There are so many ghost hunting groups wandering around in the dark that they trip over each other. I attempted to count paranormal investigation groups and gave up at around 1500 without even searching Facebook. We all have our opinions about what they try to do – find evidence of life after death. Those of us aware of how scientific methodology and answering a question works in practice are critical of their equipment, and, dare I say, pseudoscientific, activities. However, I might surprise some of you by saying that they also do a lot of good.
Many paranormal investigation groups will state explicitly and foremost that their goal is to aid people who have had a frightening, confusing experience. I’ve concluded that most do think they are doing a positive thing by either validating an experience for someone or by explaining it through objective (and more often subjective) evidence.
They also support causes such as historic preservation and cemetery preservation/restoration. They enjoy teaching people about cultural landmarks and memorable characters of the past. They encourage curiosity and imagination. Can’t say those aren’t worthy efforts; let’s give them that.
Then, they venture into classrooms or make presentations in front of civic groups or organizations, perhaps as invited guests of the local university’s student activities committee. Here’s where I get queasy regarding the concept of “doing good”.
I’ll make my point clear. For well over 100 years of research, observations and experiments, humans have not been able to establish ghosts as genuine entities.
Yet, with little hesitation and firm conclusions, the paranormal investigators standing in front of a crowd of interested listeners are stating their equipment can detect anomalies that represent “spirit energy”, this picture of an orb is a manifestation of the energy, this indistinct whispering extracted and enhanced from an audio recording is a voice from beyond. Do you see the giant leap they have made? It’s a leap of sheer hope and belief. It has no basis in anything we know about the world and how it works. Yet, it convinces the listeners.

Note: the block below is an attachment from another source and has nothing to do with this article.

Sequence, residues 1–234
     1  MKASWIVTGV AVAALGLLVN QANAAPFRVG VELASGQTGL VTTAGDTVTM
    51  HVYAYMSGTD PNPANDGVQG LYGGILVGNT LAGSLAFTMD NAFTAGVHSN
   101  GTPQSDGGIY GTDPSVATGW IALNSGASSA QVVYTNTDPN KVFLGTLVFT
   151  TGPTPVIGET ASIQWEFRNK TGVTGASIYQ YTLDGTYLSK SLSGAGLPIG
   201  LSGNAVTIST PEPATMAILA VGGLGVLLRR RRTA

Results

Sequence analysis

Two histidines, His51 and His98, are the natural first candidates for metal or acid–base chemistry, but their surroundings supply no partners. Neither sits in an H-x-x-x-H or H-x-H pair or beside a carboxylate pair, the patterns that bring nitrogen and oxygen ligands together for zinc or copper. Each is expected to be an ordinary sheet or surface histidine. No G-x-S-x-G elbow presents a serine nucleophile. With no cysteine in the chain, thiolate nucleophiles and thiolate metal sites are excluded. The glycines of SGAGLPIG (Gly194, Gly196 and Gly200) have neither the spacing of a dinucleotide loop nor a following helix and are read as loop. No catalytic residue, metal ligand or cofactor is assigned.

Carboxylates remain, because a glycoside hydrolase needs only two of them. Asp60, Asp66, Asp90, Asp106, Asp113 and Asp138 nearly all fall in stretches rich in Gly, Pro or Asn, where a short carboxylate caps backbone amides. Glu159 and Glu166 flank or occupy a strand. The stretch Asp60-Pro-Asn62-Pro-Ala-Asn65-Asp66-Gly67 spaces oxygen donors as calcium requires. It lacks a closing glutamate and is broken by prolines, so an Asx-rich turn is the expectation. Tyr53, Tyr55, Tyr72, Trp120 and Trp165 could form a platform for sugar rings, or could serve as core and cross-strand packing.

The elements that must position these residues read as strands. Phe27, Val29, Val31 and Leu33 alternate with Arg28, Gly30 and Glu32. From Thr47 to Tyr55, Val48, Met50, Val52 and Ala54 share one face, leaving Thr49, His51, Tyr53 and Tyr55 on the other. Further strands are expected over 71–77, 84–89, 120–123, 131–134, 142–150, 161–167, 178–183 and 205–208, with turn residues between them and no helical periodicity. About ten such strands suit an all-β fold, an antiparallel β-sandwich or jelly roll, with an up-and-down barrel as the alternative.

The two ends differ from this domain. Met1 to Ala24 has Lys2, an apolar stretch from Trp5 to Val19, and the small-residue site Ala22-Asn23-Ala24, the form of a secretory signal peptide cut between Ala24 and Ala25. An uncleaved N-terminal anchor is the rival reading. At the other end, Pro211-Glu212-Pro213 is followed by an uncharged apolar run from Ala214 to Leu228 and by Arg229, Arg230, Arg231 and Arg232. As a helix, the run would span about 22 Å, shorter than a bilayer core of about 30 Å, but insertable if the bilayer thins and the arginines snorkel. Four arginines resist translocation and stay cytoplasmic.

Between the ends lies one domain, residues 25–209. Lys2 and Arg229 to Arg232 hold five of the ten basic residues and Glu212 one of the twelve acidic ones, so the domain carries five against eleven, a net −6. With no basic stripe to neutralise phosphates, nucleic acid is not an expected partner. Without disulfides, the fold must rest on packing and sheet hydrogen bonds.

I found this article about a presentation made by a ghost hunting group in the town in which I grew up. Their talk and tours of self-proclaimed haunted locations benefit the local historical society, which is great. Ghost tours are fun, the stories are entertaining. But the last line of the article is sobering. “I was never a believer in [ghosts], but these people are sincere and what they showed us was very frightening,” an audience member says. “Now, I have to wonder.”
They have succeeded in convincing at least one. How many others have fallen under the imitation sciencey-ness of Ghost Hunters and the Paranormal State crew? They have an audience of millions. If you do not understand exactly how the measuring and recording devices work, how variable the environment is, how people can fool themselves and how the process of really doing science works, you will probably use a shortcut instead and judge the truth of the story by the people telling it, just as this audience member did.
The paranormal investigators are indeed sincere. They capitalize on this innate sincerity, the trust of the audience and the public’s low levels of science literacy.
If people can be so easily swayed on so scant of evidence, without questioning, it is not hard to figure out why we are a country of Creationists and global warming deniers. That is truly frightening. Sometimes what you think is doing good is really grievous harm in the long run.